After Taiwan, Pelosi meets with political leaders in South Korea

SEOUL, South Korea — U.S. House Speaker Nancy Pelosi met with top South Korean political leaders Thursday, a day after wrapping up a high-profile visit to Taiwan, renewing Washington’s “ironclad” commitment to protecting the self-ruled island’s democracy despite the furious protests from China.

Regional tensions have been rising since Pelosi’s visit to Taiwan, as China prepares in response to begin its largest military maneuvers targeting Taiwan in more than a quarter century.

After visiting Taiwan, Pelosi and other members of Congress flew to South Korea – a key US ally where some 28,500 US troops are stationed – on Wednesday night as part of an Asian tour that included stops in Singapore and Malaysia. After South Korea, they will travel to Japan.

On Thursday, Pelosi met with South Korean National Assembly Speaker Kim Jin-pyo and other senior members of parliament to discuss regional security, economic cooperation and climate issues. Before their talks, live television footage showed Kim and Pelosi bumping elbows and posing for a photo in front of the national flags of South Korea and the United States.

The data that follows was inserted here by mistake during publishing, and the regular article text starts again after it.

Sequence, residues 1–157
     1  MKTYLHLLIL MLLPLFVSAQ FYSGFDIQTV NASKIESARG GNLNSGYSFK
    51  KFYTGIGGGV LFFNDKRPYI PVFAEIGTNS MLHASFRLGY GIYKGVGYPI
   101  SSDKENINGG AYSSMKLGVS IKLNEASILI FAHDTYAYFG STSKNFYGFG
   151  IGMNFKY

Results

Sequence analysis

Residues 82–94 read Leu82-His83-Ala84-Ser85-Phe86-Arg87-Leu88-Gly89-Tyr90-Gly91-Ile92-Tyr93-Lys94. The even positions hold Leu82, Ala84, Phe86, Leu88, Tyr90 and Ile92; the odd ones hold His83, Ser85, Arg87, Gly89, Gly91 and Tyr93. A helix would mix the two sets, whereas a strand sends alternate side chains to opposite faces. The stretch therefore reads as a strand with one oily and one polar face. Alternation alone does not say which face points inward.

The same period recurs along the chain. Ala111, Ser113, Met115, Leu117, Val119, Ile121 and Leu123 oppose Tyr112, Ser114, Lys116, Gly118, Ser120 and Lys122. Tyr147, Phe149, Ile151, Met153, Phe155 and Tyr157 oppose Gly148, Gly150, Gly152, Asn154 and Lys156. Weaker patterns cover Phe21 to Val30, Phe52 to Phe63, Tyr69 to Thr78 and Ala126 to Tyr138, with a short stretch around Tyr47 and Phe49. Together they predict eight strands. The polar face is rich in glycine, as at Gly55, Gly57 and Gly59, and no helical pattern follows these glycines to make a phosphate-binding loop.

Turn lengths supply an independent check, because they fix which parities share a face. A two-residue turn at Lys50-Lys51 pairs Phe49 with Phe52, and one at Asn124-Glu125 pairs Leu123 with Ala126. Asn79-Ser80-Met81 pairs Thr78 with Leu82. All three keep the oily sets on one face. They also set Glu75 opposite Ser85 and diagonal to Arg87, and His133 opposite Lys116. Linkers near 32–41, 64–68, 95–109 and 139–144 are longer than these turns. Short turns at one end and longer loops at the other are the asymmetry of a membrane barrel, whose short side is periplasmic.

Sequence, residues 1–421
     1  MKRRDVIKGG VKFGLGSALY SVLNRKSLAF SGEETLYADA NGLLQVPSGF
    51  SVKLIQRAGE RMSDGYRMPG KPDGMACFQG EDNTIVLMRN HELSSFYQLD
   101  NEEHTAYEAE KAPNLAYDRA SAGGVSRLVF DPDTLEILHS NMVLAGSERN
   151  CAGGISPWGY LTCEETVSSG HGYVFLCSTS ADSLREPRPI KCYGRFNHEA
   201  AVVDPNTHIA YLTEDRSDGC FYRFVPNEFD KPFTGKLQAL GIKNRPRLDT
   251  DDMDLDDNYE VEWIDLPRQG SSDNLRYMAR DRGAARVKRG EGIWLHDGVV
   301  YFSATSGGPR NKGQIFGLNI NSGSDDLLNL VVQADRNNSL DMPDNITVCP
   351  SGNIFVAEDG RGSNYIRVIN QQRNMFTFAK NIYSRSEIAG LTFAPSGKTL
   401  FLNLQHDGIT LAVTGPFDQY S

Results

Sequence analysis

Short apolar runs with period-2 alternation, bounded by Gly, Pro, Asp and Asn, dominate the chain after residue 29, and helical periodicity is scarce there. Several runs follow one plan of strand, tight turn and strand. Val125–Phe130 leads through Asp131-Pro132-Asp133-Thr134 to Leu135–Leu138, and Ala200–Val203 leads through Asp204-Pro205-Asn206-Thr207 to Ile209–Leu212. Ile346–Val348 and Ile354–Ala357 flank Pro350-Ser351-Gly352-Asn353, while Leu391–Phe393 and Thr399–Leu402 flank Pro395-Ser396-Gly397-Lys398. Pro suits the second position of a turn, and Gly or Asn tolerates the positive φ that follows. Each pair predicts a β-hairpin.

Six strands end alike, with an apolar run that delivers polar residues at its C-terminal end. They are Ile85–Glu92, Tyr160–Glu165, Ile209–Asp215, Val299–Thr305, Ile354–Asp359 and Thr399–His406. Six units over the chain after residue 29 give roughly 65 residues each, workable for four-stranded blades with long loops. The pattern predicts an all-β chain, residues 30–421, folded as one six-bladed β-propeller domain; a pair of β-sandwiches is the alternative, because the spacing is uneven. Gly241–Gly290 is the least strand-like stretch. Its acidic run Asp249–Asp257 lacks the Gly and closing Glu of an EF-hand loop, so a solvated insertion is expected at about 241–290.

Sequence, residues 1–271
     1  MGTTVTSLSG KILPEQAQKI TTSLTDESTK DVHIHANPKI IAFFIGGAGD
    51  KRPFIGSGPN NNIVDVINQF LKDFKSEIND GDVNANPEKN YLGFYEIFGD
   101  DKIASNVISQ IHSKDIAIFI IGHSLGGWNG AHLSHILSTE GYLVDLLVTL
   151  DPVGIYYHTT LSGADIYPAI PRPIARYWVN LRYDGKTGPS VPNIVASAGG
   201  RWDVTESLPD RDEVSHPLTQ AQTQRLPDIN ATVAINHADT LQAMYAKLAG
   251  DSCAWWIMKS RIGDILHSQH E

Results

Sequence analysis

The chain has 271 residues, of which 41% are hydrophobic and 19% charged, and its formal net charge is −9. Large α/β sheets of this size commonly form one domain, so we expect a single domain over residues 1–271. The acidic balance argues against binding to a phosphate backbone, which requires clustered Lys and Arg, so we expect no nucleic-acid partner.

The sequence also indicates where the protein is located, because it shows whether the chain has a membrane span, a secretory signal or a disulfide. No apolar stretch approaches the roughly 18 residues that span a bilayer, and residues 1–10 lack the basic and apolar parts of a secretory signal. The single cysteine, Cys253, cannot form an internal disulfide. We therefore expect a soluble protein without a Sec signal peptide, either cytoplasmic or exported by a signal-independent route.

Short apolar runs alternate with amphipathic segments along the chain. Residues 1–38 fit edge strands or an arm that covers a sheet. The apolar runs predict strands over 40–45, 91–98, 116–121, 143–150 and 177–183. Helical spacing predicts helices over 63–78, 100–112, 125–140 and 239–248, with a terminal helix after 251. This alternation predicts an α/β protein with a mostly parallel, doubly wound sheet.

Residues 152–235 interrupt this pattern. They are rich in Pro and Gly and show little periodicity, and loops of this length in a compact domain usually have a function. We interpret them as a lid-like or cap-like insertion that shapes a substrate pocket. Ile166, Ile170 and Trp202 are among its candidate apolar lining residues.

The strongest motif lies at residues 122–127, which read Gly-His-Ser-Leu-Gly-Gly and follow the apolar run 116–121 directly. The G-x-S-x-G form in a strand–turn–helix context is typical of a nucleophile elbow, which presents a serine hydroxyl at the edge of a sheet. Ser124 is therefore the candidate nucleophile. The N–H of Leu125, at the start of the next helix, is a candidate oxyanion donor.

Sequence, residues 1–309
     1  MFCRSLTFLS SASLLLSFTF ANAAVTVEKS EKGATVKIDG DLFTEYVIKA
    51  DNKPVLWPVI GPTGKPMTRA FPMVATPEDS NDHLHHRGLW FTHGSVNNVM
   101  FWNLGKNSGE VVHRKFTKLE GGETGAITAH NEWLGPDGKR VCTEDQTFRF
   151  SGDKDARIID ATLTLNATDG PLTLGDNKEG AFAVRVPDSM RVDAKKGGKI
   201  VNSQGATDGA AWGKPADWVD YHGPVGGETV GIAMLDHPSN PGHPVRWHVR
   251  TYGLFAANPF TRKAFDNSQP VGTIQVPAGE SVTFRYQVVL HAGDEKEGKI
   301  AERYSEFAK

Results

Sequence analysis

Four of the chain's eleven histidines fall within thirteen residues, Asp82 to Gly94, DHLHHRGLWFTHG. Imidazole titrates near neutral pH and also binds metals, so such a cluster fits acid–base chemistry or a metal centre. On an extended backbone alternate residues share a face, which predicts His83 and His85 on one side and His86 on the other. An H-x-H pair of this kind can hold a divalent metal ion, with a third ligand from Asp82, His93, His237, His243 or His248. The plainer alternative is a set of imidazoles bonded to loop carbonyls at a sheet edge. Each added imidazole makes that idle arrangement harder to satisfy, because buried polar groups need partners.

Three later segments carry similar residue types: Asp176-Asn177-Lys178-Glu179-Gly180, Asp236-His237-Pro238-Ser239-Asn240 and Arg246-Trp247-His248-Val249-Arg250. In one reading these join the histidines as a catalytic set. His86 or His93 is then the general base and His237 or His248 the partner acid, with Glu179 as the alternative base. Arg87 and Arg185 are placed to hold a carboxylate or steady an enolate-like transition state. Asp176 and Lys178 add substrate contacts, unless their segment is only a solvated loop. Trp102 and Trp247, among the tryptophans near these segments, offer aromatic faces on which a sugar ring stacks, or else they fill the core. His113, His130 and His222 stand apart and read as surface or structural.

Later in the day, Pelosi plans to visit an inter-Korean border area jointly controlled by the US-led UN Command and North Korea, said a South Korean official, who spoke on condition of anonymity because he was not authorized to speak to the media on the matter.

Read more: There are no benefits to Pelosi’s visit to Taiwan

If that visit goes ahead, Pelosi would be the highest-level American to visit the Joint Security Area since then-President Donald Trump went there in 2019 for a meeting with North Korean leader Kim Jong Un.

Located in the 4-kilometer (2.5-mile) Demilitarized Zone, a buffer created at the end of the 1950-53 Korean War, the JSA is the site of past bloodshed and the site of many conversations. US presidents and other high-ranking officials have frequently traveled to the JSA and other border areas to reaffirm their security commitment to South Korea.

Any critical statement by Pelosi on North Korea is sure to provoke a furious response from Pyongyang. On Wednesday, North Korea’s foreign ministry criticized the United States for its visit to Taiwan, saying “the current situation clearly shows that the US’s brazen interference in the internal affairs of other countries.”